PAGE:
pylibftdi / doc / how_to.rst

Diff from to


 None of these are yet frequently asked, and perhaps they never will be...
 But they are still questions, and they relate to pylibftdi.
+Using pylibftdi - General
+Can I use pylibftdi with device XYZ?
+If the device XYZ is (or uses as it's ) an FTDI device, then possibly. A large
+number of devices *will* work, but won't be recognised due to the limited
+USB Vendor and Product IDs which pylibftdi checks for.
+To see the vendor / product IDs which are supported, run the following::
+    >>> from pylibftdi import USB_VID_LIST, USB_PID_LIST
+    >>> print(map(hex, USB_VID_LIST))
+    ['0x403']
+    >>> print(map(hex, USB_PID_LIST))
+    ['0x6001', '0x6014']
+If a FTDI device with a VID / PID not matching the above is required, then
+the device's values should be appended to the appropriate list after import::
+    >>> from pylibftdi import USB_PID_LIST, USB_VID_LIST, Device
+    >>> USB_PID_LIST.append(0x1234)
+    >>>
+    >>> dev = Device()  # will now recognise a device with PID 0x1234.
 Which devices are recommended?
 While I used to do a lot of soldering, I prefer the cleaner way of
 breadboarding nowadays. As such I can strongly recommend the FTDI DIP
 for pylibftdi. The UM232H is certainly feature-packed though, and I hope
 to support some of the more interesting modes in future.
+Using pylibftdi - Programming
 How do I set the baudrate?
 In both serial and parallel mode, the internal baudrate generator (BRG) is
 set using the ``baudrate`` property of the ``Device`` instance. Reading this
 themselves, and is not hidden by pylibftdi.
 How do I send unicode over a serial connection?
 If a ``Device`` instance is created with ``mode='t'``, then text-mode is
 activated. This is analogous to opening files; after all, the API is
 a separate issue... At least consider doing codec operations at a higher
 level in your application.
-How do I run the tests?
-Tests aren't included in the distutils distribution, so clone the
-repository and run from there. pylibftdi supports Python 2.6/2.7 as well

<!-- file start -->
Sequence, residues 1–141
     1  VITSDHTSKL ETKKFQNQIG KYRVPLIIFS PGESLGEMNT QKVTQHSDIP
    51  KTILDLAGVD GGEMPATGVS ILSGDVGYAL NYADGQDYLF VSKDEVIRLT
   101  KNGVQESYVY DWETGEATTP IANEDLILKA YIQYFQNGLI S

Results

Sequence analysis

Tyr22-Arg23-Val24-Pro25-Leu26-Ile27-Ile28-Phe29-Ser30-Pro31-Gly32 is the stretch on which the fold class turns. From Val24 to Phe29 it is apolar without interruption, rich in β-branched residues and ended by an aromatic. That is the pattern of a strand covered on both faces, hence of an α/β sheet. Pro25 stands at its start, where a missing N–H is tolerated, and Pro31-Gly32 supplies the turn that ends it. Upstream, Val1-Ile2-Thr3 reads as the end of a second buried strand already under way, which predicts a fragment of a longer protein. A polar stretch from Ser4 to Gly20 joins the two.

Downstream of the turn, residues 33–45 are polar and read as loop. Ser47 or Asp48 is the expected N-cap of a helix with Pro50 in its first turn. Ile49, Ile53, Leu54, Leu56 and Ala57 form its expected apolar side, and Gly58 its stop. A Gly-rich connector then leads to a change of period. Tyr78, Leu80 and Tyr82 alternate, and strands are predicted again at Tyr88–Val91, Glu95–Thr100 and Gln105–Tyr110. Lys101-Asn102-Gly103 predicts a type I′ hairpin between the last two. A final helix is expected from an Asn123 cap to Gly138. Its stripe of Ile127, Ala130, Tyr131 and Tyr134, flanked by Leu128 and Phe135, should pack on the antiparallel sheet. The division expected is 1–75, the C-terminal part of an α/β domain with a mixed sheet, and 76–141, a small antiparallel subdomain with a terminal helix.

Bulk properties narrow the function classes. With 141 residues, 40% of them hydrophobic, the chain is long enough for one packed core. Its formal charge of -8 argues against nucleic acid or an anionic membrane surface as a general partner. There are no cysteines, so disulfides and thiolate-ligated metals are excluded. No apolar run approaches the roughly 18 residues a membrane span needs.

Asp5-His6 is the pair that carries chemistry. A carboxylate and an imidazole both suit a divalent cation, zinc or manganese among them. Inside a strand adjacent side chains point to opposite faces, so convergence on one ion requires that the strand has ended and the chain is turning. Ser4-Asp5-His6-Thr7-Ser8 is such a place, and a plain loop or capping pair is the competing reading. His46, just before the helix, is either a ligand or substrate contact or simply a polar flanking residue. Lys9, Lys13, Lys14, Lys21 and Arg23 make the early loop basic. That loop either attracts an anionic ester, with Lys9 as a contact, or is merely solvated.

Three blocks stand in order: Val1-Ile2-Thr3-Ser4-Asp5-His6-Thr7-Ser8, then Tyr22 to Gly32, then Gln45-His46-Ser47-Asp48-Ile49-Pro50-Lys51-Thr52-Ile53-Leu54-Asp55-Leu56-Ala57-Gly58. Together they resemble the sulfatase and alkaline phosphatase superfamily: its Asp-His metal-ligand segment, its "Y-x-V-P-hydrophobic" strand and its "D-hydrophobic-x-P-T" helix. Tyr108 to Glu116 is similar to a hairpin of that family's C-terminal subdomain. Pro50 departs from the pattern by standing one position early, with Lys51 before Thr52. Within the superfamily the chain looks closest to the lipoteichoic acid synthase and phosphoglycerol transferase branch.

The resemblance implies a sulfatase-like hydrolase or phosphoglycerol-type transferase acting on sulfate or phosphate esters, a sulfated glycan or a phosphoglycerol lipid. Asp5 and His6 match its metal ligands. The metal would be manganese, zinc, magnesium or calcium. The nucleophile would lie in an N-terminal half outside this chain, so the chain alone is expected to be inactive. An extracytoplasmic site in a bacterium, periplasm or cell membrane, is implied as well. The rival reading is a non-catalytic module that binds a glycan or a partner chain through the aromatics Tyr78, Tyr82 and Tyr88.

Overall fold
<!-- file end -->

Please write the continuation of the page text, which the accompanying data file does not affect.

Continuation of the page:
-as Python 3.2+, so these tests can be run for each Python version::
-    $ hg clone
-    <various output stuff>
-    $ cd pylibftdi
-    $ python2.7 -m unittest discover
-    ................
-    ----------------------------------------------------------------------
-    Ran 16 tests in 0.011s
-    OK
-    $ python3.3 -m unittest discover
-    ................
-    ----------------------------------------------------------------------
-    Ran 16 tests in 0.015s
-    OK
-    $
 How do I use multiple-interface devices?
 Some FTDI devices have multiple interfaces, for example the FT2232H has 2
 and the FT4232H has four. In terms of accessing them, they can be
 You should be able to open multiple ``Device``\s with different
 ``interface_select`` settings.
 *Thanks to Daniel Forer for testing multiple device support.*
+What is the difference between the ``port`` and ``latch`` BitBangDevice properties?
+`latch` reflects the current state of the output latch (i.e. the last value
+written to the port), while ``port`` reflects input states as well. Writing to
+either ``port`` or ``latch`` has an identical effect, so when pylibftdi is used
+only for output, there is no effective difference, and ``port`` is recommended
+for simplicity and consistency.
+The place where it does make a difference is during read-modify-write
+operations. Consider the following::
+    >>> dev = BitBangDevice()  # 1
+    >>> dev.direction = 0x81   # 2   # set bits 0 and 7 are output
+    >>> dev.port = 0           # 3
+    >>> for _ in range(255):   # 4
+    >>>     dev.port += 1      # 5   # read-modify-write operation
+In this (admittedly contrived!) scenario, if one of the input lines D1..D6
+were held low, then they would cause the counter to effectively 'stop'. The
+``+= 1`` operation would never actually set the bit as required (because it is
+an input at 0), and the highest output bit would never get set.
+Using ``dev.latch`` in lines 3 and 5 above would resolve this, as the
+read-modify-write operation on line 5 is simply working on the in-memory
+latch value, rather than reading the inputs, and it would simply count up from
+0 to 255 in steps of one, writing the value to the device (which would be
+ignored in the case of input lines).
+Similar concepts exist in many microcontrollers, for example see
+ for a possibly better explanation, though
+in a slightly different context :)
+If you aren't using read-modify-write operations (e.g. augmented assignment),
+or you have a direction on the port of either ALL_INPUTS (0) or ALL_OUTPUTS